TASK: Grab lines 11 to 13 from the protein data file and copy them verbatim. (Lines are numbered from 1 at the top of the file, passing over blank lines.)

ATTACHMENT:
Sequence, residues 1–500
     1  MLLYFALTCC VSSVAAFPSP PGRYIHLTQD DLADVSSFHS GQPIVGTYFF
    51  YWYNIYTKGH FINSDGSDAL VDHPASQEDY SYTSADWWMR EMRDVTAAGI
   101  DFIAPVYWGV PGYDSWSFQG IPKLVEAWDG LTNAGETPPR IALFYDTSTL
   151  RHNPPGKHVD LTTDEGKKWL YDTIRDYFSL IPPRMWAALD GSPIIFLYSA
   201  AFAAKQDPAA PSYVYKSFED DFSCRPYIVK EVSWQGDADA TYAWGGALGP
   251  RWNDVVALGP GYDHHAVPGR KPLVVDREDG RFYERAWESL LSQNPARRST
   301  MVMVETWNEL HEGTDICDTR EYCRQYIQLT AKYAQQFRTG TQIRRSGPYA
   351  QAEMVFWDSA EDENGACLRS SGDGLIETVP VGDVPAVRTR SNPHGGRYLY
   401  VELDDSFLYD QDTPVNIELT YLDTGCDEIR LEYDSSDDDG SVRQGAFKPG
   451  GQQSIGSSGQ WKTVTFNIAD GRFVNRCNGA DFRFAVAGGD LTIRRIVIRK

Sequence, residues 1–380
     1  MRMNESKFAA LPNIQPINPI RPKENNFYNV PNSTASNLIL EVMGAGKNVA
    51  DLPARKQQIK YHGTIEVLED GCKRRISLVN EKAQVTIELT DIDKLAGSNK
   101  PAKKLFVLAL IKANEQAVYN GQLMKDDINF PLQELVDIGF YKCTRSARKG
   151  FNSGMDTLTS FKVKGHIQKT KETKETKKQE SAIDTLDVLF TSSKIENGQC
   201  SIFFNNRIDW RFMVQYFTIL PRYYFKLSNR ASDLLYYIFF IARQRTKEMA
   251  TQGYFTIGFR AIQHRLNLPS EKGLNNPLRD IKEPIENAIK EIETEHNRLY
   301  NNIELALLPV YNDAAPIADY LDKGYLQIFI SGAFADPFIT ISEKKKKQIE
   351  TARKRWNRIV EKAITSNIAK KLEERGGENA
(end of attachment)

   451  GQQSIGSSGQ WKTVTFNIAD GRFVNRCNGA DFRFAVAGGD LTIRRIVIRK

Sequence, residues 1–380
     1  MRMNESKFAA LPNIQPINPI RPKENNFYNV PNSTASNLIL EVMGAGKNVA